The gallery lined the final 400 yards of the fairway down the right side of the par-5 16th at Bay Hill to watch the final few holes of what was close to a masterpiece in the Arnold Palmer Invitational.

Tiger Woods was 120 miles away, resting his ailing back.

Masters champion Adam Scott has put on quite a show over two days at Bay Hill, getting his name into the record book after each round. He opened with a 62, matching the best score at Bay Hill. With six more birdies on Friday, he tied the 36-hole record at 14-under 130, previously held by Andy Bean and Tom Watson in 1981.

As for that seven-shot lead?

That shattered the tournament record first set by Paul Azinger in 1988 and later matched by Woods in 2002.

"I think it was a pretty good way to back up a low round," Scott said after his 4-under 68 on Friday. "It's not easy to do that, especially around a tough course. Going back to the first hole was key in keeping some of the momentum out of yesterday, making a scrappy par and a good putt on the first to feel like I'm heading in the right direction to start the day."

It was the part in the middle that allowed him to pull away.

He hit a gorgeous shot from 167 yards out of the rough and just over a bunker to 12 feet for birdie on No. 9. He hit a 7-iron that covered the flag and settled 4 feet away for birdie on the 11th, followed by a routine up-and-down for birdie on the par-5 12th. After a tough chip that he nearly holed on the par-3 14th, Scott smoked a 3-wood into a perfect spot in the fairway and rolled in a 30-foot birdie putt.

The gallery on every hole murmured when they saw his score stretch all the way to 15-under par.

No one else was better than 7-under par — J.B. Holmes (69), Chesson Hadley (68), Francesco Molinari of Italy (70).

Scott was making it look easy. On the 16th hole, caddie Steve Williams was some 275 yards down the left side, far enough away that he could barely make out his boss back on the tee. Williams watched the swing and quickly said, "Perfect."

And that it was.

He hit 7-iron to about 35 feet for a two-putt birdie and kept right on going. Even with a three-putt bogey on the 18th hole, he still had the second-best round on a course that was getting increasingly difficult with two days of full sunshine and stronger wind.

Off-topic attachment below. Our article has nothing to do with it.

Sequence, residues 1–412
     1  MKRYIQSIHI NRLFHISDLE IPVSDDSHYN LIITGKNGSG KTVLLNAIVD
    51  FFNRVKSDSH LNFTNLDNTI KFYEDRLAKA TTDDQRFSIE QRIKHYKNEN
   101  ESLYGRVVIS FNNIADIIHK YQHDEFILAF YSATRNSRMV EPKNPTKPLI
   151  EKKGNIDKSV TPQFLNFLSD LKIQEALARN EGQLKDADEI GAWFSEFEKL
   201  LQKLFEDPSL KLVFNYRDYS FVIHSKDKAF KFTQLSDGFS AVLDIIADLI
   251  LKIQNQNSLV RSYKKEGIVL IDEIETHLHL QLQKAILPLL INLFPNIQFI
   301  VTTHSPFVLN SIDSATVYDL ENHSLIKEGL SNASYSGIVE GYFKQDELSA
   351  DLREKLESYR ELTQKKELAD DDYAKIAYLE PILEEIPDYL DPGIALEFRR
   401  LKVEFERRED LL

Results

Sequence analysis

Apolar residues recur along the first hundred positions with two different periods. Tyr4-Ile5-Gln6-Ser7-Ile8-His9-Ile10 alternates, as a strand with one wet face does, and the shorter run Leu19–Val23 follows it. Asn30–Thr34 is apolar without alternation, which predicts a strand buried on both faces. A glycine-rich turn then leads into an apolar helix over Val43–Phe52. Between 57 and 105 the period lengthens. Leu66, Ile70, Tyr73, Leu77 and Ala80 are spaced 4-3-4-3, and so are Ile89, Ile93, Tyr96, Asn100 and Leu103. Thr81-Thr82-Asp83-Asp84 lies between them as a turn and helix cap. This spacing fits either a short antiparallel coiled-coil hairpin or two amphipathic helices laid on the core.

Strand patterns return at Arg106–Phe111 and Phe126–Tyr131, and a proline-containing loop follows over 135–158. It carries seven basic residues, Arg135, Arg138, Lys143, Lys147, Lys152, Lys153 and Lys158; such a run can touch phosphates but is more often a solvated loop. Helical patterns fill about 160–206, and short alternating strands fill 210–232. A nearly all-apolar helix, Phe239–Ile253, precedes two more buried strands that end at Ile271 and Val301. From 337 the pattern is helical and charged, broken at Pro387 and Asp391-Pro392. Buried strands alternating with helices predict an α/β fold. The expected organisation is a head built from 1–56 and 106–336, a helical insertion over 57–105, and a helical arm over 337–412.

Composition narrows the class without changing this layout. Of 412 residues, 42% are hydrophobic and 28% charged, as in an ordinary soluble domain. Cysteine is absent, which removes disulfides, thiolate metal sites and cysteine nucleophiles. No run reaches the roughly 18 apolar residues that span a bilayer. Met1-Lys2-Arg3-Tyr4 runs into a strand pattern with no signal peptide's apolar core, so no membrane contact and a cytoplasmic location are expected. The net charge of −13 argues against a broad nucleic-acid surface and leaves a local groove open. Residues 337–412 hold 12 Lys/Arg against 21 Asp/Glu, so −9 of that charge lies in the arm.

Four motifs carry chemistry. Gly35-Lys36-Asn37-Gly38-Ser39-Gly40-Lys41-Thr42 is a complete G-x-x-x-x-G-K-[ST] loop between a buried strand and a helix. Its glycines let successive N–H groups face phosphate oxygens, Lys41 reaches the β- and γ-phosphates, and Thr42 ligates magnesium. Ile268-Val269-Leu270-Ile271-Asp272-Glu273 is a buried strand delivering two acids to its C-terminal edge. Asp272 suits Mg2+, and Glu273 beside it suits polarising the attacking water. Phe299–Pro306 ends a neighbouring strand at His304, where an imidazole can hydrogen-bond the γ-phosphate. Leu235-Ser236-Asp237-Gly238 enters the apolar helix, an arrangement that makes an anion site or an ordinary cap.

What next?

"The challenge might be just to start again and try and play a great 36 holes," he said. "Start fresh and try to be the leader after the next 36."

Keegan Bradley had the low score of the second round with a 67, putting him in a group at 138 that included Brandt Snedeker (71) and Jamie Donaldson of Wales (71).

"I think I'm 10 behind and playing pretty well for two rounds," said Snedeker, who was off by two. "He's playing pretty phenomenal. He's going to be a tough guy to catch. A guy that hits it as good as he does and seems to have a complete game like he has, and the way he's playing now, he's not going to come backward. Seems like an awfully special week if you can get close to him."

There were three rounds in the 80s, including by U.S. Amateur champion Matthew Fitzpatrick. U.S. Open champion Justin Rose, playing in the same group with Scott, had a 79 and missed the cut for the first time in a regular PGA Tour event since The Players Championship last May.

Paul Casey had to make a 7-foot bogey putt to break 80 and make the cut on the number (2-over 146).

"This course will really start to bare its teeth," Scott said. "I've got to take in the attitude of starting over again and trying to play a really hard 36 holes. And hopefully, if I can I can keep striking the ball like I am, I'll give myself enough chances for birdie — and hopefully, more birdies than bogeys."

Scott was in no mood to celebrate just yet. For one thing, he is still recovering from being sick. His energy was better Friday, though he could barely talk above a whisper during a brief interview with Golf Channel before his round. And the Australian knows how a big lead can get away, even on the final day. He had a four-shot lead with four holes remaining in the 2012 British Open when it all went wrong — four straight bogeys — and Ernie Els walked off with the claret jug.

That's a distant memory for Scott, who takes that green jacket from Augusta National with him just about everywhere he goes.

"Seven shots over two days is not enough," Scott said. "I don't think you can ever be enough in the lead, to be honest."